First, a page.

Excellent Team – We got to do this run with a team that finished their advanced team title just an hour before I don’t think the dogs had worked together before and we were in slightly cramped quarters in the small rung but both dogs worked very nicely. We finished with a score of 197 earning our second Excellent Team leg.
Versatility C (1) – This was our very first time competing in the Versatility C class. Bear was on the ball until the weave through legs when we got confused. I’m not sure what happened but as I told him to “go through” he for some reason came around in front of me, went through my legs and then stood behind me with a strange look on his face. Figuring we had botched that side change up and knowing we could not retry stations in the C stream I continued on. The rest of the run was perfect with the exception of Bear getting a bit ahead of me during the slow ace at the end of the course. We did not qualify in this run but if we had managed to perform the through legs station correctly, we would have had a score of 198. All things considered I was pleased. we were both really confused but able to pull ourselves together and keep going.
Versatility C (2) – During this run, I was more consistent with my cues and we did the side changes perfectly. We did however lose 3 points for a crooked sit during a pivot – ironically this was a pivot out in the wide open, not one that was directly facing the wall. We finished with a score of 197 and earned our fifth and FINAL leg towards the CARO Rally Bronze title!
What a wonderful way to end the day!
Sunday, June 17, 2012
On Sunday, the trial moved outdoors. Having had a wonderful day on Saturday, I was not worried about Bear’s performance outdoors. We practiced a total of 2 times in that ring and Bear had been hit or miss – Birds, Squirrels and smells were distracting – I did not have high expectations.
Excellent C – Our First run of the day was quite nice until Bear took the tunnel instead of the jump right beside it. In hindsight I did tell him “OUT jump” and I think the tunnel looked more inviting than the broad jump even though it was out of his way. This disqualified us instantly but we kept going and, had he taken the tunnel, we would have finished with a score of 195 – Bummer!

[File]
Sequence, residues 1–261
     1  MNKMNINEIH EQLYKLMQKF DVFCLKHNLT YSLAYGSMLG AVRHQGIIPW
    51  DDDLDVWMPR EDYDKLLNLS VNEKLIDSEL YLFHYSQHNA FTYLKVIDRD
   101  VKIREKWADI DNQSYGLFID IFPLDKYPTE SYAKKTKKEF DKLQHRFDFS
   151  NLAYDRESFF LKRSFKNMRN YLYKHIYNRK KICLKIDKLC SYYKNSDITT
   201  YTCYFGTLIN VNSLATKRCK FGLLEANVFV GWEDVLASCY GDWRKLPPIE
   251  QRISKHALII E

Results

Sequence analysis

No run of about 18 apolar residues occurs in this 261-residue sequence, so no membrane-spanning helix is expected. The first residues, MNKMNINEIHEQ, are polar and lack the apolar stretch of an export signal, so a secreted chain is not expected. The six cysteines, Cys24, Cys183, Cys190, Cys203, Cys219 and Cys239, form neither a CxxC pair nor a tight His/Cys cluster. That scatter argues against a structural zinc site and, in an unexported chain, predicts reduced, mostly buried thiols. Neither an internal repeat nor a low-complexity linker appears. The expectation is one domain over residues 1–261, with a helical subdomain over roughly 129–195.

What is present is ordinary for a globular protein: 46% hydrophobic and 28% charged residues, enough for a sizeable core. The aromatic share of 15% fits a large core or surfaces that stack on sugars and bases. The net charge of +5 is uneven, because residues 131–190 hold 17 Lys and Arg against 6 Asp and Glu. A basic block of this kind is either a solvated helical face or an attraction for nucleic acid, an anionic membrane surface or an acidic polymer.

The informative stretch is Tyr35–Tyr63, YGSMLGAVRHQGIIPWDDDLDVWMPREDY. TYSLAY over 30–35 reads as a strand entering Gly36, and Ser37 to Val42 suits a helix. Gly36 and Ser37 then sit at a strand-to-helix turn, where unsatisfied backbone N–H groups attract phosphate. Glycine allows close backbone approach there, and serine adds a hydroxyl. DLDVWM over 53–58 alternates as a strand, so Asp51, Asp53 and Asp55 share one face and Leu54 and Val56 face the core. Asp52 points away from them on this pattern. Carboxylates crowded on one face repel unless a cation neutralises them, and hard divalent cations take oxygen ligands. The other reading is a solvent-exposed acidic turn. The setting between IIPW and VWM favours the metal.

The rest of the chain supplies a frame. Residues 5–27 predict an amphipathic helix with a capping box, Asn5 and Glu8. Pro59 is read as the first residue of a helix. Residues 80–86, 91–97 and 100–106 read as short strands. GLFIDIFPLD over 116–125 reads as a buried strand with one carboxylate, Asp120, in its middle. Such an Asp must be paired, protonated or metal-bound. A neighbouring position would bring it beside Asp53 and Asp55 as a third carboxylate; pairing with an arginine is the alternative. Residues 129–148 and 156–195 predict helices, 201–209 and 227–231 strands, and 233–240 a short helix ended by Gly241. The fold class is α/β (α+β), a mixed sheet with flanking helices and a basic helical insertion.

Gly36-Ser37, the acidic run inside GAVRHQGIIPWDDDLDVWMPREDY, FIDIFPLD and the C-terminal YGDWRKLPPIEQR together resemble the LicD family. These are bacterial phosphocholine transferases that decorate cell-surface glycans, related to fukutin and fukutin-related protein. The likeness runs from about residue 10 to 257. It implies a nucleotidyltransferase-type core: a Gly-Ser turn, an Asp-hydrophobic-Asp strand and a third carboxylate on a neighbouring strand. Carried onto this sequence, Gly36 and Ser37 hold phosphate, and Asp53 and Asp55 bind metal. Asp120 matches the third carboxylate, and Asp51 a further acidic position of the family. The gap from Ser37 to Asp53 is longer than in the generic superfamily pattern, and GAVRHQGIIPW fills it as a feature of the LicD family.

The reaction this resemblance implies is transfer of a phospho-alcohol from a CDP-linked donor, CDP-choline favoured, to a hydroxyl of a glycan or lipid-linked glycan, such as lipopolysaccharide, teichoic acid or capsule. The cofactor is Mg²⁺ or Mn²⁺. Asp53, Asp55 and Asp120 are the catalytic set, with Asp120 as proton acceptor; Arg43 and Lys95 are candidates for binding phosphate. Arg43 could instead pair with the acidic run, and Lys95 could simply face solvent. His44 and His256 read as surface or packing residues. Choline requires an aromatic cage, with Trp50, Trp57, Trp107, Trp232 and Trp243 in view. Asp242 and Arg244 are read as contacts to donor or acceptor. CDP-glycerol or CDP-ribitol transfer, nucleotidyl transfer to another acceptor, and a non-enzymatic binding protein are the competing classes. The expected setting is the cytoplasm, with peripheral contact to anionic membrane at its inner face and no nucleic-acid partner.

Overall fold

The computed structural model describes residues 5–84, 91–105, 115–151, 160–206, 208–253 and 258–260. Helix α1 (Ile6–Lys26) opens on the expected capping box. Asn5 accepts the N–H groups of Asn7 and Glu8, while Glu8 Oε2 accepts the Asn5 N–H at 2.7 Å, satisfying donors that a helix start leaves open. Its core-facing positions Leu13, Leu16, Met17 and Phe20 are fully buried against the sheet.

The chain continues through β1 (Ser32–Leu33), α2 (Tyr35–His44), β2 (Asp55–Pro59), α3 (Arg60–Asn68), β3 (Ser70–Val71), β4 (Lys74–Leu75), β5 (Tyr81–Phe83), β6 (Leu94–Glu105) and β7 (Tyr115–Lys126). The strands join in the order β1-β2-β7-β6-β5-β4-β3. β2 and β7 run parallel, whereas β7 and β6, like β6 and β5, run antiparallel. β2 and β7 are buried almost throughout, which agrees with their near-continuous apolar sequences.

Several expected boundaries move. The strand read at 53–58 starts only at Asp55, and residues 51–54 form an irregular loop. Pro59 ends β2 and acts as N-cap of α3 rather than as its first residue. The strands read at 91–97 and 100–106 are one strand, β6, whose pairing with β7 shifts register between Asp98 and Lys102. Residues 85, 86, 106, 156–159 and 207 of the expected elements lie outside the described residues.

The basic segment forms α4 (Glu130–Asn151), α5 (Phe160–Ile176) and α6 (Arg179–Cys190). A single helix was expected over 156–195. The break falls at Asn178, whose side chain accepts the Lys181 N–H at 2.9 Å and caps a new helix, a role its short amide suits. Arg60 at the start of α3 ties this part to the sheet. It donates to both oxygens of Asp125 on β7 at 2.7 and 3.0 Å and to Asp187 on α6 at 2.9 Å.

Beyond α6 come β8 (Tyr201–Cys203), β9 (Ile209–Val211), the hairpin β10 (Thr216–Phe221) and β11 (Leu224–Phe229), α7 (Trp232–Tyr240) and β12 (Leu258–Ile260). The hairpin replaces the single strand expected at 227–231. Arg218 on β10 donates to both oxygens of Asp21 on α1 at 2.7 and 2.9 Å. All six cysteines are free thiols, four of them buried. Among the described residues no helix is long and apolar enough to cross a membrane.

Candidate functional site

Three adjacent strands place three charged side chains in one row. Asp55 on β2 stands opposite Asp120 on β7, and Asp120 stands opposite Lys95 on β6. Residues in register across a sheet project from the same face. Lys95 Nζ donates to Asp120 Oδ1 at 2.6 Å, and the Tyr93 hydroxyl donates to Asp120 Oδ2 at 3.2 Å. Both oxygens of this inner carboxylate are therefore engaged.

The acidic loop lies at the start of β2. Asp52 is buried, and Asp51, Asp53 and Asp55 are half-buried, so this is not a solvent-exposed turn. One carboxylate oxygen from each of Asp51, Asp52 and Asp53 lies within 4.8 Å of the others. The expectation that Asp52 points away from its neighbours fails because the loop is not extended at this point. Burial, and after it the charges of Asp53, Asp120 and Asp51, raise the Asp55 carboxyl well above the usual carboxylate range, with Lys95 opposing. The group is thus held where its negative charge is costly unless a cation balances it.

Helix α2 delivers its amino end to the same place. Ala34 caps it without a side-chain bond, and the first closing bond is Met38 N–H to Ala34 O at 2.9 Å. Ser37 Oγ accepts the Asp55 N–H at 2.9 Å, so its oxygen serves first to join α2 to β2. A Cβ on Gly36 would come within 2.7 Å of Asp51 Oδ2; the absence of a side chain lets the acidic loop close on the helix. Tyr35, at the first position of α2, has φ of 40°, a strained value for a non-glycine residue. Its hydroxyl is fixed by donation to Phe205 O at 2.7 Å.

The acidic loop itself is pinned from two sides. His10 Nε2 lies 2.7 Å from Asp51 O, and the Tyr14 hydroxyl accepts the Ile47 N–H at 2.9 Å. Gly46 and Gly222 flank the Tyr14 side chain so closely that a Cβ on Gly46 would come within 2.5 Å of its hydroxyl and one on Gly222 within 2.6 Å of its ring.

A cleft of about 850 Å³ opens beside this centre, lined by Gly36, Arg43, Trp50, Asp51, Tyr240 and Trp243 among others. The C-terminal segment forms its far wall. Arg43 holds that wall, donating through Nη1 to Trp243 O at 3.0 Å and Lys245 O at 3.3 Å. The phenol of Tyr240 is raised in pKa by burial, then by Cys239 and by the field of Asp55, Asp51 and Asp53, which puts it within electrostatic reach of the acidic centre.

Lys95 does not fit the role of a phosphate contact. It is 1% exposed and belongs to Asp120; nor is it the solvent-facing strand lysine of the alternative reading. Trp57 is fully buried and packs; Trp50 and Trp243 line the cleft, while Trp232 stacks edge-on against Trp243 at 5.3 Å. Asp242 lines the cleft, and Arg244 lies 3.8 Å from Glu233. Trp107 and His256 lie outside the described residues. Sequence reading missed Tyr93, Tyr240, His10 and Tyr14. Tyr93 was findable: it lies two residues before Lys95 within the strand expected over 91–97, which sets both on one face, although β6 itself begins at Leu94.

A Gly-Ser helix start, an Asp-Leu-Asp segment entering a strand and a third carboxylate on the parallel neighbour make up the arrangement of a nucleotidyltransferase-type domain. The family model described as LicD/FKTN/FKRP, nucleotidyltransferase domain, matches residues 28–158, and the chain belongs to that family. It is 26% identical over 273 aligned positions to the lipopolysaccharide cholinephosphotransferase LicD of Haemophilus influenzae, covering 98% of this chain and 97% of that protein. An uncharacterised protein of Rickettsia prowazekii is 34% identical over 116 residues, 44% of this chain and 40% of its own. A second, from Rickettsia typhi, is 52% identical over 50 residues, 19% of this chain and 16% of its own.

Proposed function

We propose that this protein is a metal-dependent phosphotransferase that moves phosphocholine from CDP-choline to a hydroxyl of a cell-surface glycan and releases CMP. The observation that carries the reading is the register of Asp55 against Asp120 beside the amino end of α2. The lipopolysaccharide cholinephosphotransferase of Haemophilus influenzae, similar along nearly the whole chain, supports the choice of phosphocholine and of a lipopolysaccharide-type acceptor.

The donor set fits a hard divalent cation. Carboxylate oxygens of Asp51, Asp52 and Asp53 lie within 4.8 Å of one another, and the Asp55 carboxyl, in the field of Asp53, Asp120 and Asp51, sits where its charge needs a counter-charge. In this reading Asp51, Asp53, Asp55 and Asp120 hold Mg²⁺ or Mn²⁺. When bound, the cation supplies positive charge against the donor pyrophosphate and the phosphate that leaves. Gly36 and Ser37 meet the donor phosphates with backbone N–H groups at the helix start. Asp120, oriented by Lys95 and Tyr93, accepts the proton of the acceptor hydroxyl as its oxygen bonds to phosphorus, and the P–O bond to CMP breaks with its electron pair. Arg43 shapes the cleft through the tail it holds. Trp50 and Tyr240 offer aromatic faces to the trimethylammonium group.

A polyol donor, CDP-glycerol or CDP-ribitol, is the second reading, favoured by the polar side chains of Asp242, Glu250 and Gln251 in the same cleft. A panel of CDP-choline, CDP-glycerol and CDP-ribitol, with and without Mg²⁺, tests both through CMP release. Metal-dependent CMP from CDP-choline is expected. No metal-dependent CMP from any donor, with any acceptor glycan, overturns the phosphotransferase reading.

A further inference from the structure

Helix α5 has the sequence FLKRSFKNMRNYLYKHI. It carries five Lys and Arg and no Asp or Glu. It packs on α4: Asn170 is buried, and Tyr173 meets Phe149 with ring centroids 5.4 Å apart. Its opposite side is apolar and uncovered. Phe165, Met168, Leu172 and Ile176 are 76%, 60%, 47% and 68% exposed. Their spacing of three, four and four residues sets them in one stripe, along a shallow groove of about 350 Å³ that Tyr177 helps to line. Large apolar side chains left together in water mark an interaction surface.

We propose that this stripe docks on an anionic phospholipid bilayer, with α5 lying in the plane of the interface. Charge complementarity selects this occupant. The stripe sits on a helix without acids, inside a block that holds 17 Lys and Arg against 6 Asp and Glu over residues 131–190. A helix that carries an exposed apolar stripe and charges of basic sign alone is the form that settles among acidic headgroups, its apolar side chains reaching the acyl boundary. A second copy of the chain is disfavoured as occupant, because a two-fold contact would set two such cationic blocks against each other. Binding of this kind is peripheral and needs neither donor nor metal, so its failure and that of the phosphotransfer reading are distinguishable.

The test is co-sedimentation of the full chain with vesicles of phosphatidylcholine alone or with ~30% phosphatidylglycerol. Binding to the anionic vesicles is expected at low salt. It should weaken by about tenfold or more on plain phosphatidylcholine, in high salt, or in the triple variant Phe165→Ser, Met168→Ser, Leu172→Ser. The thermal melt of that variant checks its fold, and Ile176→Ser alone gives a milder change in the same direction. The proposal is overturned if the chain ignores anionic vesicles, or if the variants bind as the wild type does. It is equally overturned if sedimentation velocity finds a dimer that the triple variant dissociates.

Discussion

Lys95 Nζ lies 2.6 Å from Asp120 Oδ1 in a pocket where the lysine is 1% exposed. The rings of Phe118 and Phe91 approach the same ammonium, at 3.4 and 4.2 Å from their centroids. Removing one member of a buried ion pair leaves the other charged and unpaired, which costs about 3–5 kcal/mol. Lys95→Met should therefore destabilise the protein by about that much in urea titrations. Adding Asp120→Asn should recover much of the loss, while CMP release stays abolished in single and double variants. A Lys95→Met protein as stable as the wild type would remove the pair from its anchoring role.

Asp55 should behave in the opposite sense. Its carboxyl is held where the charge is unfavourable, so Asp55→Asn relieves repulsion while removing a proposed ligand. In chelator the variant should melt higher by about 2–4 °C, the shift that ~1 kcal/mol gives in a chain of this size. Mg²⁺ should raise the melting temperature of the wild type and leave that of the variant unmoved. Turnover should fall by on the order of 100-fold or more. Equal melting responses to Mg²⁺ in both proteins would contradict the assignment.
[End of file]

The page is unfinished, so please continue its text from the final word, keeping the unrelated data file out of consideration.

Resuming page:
Excellent Team – We chose to go second in this run and started of nicely until bear got so distracted sniffing that he actually walked the broad jump – Instant NQ which was too bad because our team partners performed well.
Excellent Team – This time we chose to go first, in the case that writing a whole minute was just too much for Bear. Apparently it wasn’t our day because we pointed out with more than 20 points worth of deductions – most of them ours.
At this point, I pulled Bear from the rest of the day’s runs. It was apparent that he was not going to work or rather that the rain, and smells of the bush were too much for him.
On a positive note he did perform a wonderful moving down – outside – in the WET(!!!) grass.
The lessons I took from last weekend are that:
- A little bit of work goes a long way: No NQ’s on moving downs or food bowls and very few crooked sits.
- The largest factor in Bear’s performance is stress/distraction, not time or number of runs. In our home training environment he qualified in 5 out of 6 runs. I did not have a lot of time to do settle work and he rested both in the car and indoors in the building.
- I need to do more practicing outdoors if I want to see improved scores out of doors.